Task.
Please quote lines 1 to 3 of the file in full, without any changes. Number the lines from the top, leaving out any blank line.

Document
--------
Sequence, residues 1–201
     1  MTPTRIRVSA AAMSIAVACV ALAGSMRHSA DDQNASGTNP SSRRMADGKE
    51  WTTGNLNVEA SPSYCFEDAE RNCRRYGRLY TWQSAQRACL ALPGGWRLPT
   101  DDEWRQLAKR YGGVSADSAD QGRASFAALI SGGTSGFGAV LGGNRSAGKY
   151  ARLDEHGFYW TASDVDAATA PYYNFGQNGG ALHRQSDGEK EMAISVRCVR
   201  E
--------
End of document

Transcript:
Sequence, residues 1–201
     1  MTPTRIRVSA AAMSIAVACV ALAGSMRHSA DDQNASGTNP SSRRMADGKE
    51  WTTGNLNVEA SPSYCFEDAE RNCRRYGRLY TWQSAQRACL ALPGGWRLPT